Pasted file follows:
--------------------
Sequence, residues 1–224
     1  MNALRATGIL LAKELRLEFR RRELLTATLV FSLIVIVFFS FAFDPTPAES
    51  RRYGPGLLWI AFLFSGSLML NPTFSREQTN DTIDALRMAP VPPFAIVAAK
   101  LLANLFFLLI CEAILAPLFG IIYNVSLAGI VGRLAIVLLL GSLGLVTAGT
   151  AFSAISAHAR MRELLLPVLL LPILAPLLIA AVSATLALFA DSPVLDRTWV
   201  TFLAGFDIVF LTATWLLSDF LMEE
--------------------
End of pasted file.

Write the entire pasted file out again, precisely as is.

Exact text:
Sequence, residues 1–224
     1  MNALRATGIL LAKELRLEFR RRELLTATLV FSLIVIVFFS FAFDPTPAES
    51  RRYGPGLLWI AFLFSGSLML NPTFSREQTN DTIDALRMAP VPPFAIVAAK
   101  LLANLFFLLI CEAILAPLFG IIYNVSLAGI VGRLAIVLLL GSLGLVTAGT
   151  AFSAISAHAR MRELLLPVLL LPILAPLLIA AVSATLALFA DSPVLDRTWV
   201  TFLAGFDIVF LTATWLLSDF LMEE